I have a chapter in Twitterville called "B2Bs are People Too. If I were to rewrite the book, I would have to expand the chapter on B2B, [business-to-business] because it has grown so massively since June, when the book was finished.
IBM, for example, was the tweetingest company I found last June with over 1000 employee tweeters. Now that number has grown to about 7500 and that's just the IBM employees. The number would be far greater if you included the partners, consultants, customers, analysts, editors and other members of the IBM infrastructure. If you included them, you'd have tens of thousands of IBM community members communicating tens of thousand of times daily. IBM, the third largest technology company in fact is trusting a growing portion to its business to Twitter, where they are realizing significant, measurable and growing favorable results.
Another company, mentioned in my book is Sodexo, North America's largest food service company. Last year they adopted Twitter as an executive recruiting tool, integrating it with their other online tools. Traffic to their job site traffic has tripled and they have saved, I'm told about $350,000 in recruiting ad costs.
My favorite B2B story in the book is about tiny United Linen. Located in Bartlesville, Okla., this company was founded by a family during the Great Depression. They took in laundry from neighbors to make ends meet. Now United Linen is the largest restaurant linen and uniform laundry service in a four-state region. They use Twitter in all sorts of ways and it's activities have made happier customers, established the company as a community leader, has given them an emergency customer communications tool, which they used last winter in an ice storm. It has also generated significant coverage in BusinessWeek, Forbes, the Wall Street Journal and other publications.
While companies who use Twitter to reach public markets get more attention, simply because they are trying for public recognition, B2Bs are extremely active and at this time, may be growing faster that consumer-focused companies. You may not know much about what IBM is doing, but IBM doesn't really care. They are using Twitter and other social media tools to talk with their communities online.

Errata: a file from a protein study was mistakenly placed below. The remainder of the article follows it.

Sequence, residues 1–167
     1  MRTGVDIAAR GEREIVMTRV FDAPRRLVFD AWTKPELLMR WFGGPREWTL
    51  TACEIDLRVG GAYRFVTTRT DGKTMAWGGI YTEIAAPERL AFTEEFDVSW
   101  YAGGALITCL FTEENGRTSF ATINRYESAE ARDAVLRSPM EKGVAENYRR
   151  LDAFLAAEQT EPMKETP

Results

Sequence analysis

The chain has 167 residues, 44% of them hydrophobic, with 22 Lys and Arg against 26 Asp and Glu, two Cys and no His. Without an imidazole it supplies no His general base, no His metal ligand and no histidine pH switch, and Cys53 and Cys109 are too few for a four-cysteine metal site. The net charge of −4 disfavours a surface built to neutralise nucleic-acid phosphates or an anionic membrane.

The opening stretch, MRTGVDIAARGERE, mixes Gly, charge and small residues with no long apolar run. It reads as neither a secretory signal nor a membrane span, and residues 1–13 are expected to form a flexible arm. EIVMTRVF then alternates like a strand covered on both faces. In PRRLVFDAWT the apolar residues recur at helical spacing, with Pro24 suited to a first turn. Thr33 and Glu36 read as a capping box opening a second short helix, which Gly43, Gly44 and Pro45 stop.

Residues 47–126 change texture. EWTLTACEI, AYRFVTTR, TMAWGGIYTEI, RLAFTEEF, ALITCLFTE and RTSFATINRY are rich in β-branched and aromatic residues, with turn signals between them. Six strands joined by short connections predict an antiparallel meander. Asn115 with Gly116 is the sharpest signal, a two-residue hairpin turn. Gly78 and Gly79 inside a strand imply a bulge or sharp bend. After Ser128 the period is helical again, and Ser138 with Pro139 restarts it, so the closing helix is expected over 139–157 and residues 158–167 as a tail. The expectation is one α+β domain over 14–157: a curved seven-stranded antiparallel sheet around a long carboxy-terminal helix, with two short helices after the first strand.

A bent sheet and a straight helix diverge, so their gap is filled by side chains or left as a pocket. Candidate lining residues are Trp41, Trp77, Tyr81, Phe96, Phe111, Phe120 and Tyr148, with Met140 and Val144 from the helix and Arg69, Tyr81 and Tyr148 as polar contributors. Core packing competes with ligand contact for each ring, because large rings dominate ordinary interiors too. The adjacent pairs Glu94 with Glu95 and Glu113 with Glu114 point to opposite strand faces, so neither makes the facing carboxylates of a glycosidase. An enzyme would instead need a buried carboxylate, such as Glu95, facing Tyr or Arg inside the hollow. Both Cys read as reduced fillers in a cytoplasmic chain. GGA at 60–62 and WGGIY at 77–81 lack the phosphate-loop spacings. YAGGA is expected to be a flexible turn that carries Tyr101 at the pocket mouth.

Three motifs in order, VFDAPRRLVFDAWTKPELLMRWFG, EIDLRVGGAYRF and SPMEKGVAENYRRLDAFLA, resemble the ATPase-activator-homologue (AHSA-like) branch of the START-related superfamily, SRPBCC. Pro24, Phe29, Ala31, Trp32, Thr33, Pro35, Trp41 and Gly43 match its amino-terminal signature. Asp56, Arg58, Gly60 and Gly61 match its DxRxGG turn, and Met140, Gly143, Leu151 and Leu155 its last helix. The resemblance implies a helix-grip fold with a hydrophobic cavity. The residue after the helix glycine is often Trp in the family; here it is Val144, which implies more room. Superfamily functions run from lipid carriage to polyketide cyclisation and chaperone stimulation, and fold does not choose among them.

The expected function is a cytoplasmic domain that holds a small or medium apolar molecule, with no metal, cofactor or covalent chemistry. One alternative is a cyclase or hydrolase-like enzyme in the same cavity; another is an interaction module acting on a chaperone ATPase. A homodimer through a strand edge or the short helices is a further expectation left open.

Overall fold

I learned about United Linen from Joe Zuccaro, who is better known as the Marketing Consigliere . Joe is passionate and highly knowledgeable about B2Bs and social media. Last year, he started awarding a "B2B Tweeter of the Year Award" and it went to United Linen. When I asked through Twitter for suggestion for my book, Joe suggested the Bartlesville laundry service.
This year, Joe just asked for suggestion for the new B2B Tweeter of the Year and received a note from someone he knew that was crammed with ridicule and scorn;; someone who thinks tweeting is about broadcasting a single message, rather than having ongoing conversations, someone who in my opinion is completely ignorant to the mounting facts and stats, of Twitter''s value in B2B. Facts that decision makers I've talked with at Wells Fargo, Microsoft, SAP, HP and others have noted and embraced.
Joe's a classy guy and doesn't want to name his ignorant colleague. I would have named him and still would. Anyone who goes on the record, using disinformation or a lack of knowledge to defame those who are better informed, should be spotlighted in my opinion.
Anyway, my best to Joe. My repeated thanks for a great story in my book and I look forward to spotlighting whoever Joe selects this year in a future blog post.